Bundler maintains a consistent environment for ruby applications. It tracks
an application's code and the rubygems it needs to run, so that an application
will always have the exact gems (and versions) that it needs to run.
With Bundler, it can be easy to share your code between development, staging and production machines. Of course, you know how to share your own application or gem: stick it on GitHub and clone it where you need it. Bundler makes it easy to make sure that your application has the dependencies it needs to start up and run without errors.
$ gem install bundler
source 'https://rubygems.org' gem 'nokogiri' gem 'rack', '~>1.1' gem 'rspec', :require => 'spec'Learn More: Gemfiles
$ bundle install $ git add Gemfile Gemfile.lockLearn More: bundle install
require 'rubygems' require 'bundler/setup' # require your gems as usual require 'nokogiri'Learn More: Bundler.setup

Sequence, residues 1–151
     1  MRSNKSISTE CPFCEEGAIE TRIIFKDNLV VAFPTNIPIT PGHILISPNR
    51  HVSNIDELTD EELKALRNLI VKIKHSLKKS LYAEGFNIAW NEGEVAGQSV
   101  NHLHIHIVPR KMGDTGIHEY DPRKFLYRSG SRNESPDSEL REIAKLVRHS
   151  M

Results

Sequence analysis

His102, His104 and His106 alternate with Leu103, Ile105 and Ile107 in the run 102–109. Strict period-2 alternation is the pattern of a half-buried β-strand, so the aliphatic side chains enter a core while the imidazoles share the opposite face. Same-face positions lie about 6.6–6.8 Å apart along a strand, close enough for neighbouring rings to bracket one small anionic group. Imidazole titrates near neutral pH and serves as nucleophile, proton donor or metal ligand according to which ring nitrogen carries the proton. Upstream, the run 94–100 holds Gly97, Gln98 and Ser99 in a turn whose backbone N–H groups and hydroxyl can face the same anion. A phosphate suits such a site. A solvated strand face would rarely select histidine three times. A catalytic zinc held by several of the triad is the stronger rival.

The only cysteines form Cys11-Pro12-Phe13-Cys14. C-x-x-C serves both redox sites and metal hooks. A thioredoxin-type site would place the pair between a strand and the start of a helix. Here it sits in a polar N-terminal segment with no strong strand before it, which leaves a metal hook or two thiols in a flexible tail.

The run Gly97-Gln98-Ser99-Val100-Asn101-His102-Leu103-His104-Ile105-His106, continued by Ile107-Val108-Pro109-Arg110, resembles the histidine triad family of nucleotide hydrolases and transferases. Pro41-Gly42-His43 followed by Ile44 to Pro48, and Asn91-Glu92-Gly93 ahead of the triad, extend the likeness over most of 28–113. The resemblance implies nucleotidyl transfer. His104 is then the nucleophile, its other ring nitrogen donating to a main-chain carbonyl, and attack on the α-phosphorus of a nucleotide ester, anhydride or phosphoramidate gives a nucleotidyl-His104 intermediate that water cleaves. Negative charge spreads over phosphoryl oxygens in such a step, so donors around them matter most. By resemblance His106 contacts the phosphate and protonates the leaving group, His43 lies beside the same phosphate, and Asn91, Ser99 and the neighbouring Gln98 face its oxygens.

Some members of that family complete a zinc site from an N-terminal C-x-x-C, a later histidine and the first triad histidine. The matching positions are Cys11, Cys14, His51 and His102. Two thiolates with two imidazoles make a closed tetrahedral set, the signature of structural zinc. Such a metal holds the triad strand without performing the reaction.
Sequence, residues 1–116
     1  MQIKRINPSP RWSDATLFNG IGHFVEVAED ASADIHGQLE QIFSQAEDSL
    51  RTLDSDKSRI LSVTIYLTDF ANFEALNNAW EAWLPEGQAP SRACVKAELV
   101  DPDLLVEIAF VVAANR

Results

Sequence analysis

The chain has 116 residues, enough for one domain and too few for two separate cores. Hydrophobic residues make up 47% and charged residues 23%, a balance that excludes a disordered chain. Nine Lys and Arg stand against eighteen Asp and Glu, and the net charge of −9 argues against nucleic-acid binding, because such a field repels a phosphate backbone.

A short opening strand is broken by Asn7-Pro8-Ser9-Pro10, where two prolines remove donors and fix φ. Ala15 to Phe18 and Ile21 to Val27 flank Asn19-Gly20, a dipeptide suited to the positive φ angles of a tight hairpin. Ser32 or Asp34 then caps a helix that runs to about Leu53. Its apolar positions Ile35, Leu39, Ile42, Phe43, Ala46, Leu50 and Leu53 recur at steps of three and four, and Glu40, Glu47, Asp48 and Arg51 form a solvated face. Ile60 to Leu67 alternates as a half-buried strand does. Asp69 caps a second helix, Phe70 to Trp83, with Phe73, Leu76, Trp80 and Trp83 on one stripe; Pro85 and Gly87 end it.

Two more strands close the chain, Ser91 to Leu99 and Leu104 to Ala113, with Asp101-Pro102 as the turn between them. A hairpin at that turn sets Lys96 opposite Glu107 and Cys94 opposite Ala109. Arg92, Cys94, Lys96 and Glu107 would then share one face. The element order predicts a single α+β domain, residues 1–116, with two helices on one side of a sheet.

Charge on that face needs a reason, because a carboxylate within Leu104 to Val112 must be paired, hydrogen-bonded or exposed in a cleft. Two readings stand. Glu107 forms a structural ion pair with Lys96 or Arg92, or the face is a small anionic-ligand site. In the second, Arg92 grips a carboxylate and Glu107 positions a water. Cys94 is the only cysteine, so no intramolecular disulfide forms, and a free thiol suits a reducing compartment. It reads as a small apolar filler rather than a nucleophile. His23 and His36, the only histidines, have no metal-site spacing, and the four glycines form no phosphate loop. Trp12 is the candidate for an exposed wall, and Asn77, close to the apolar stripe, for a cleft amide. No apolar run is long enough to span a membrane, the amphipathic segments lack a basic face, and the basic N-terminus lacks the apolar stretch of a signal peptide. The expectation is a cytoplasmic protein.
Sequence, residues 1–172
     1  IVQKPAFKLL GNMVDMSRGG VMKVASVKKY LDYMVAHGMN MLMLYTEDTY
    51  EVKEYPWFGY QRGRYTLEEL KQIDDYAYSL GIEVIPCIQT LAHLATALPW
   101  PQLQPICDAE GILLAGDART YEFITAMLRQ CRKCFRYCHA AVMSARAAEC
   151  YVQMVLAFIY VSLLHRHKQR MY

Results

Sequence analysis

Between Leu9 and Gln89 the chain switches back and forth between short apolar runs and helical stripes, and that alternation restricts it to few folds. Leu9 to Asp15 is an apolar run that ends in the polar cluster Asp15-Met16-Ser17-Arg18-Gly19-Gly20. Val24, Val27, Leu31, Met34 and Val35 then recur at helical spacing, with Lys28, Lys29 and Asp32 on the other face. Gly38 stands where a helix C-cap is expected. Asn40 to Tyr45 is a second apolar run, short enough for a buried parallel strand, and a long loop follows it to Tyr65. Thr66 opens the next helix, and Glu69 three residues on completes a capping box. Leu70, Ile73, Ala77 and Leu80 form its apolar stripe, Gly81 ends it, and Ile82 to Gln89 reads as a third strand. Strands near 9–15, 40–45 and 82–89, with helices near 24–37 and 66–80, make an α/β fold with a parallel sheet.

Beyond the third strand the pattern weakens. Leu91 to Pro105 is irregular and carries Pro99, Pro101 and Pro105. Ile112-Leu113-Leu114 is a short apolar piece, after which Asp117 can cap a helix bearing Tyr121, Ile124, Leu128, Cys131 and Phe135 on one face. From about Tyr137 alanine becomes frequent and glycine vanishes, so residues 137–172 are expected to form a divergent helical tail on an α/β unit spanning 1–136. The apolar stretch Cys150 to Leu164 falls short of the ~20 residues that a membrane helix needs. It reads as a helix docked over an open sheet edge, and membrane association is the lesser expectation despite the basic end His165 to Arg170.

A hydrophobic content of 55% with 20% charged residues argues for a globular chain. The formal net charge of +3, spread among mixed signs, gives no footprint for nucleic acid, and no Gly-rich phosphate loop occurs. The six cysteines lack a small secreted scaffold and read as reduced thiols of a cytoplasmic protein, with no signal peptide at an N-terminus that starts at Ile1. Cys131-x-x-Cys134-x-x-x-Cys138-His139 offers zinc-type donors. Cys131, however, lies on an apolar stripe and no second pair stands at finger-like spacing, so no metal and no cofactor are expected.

$ bundle exec rspec spec/models
In some cases, running executables without
may work, if the executable happens to be installed in your system
and does not pull in any gems that conflict with your bundle.
However, this is unreliable and is the source of considerable pain. Even if it looks like it works, it may not work in the future or on another machine.
$ bundle install --binstubs $ bin/rspec spec/models
binare scoped to the bundle, and will always work.
Bundler has a lot of contributors and users, and they all talk to each other quite a bit. If you have questions, try the IRC channel or mailing list. If you're interested in contributing to the project (no programming skills needed), read the contributing guide. If you have sponsorship or security questions, please contact the core team directly.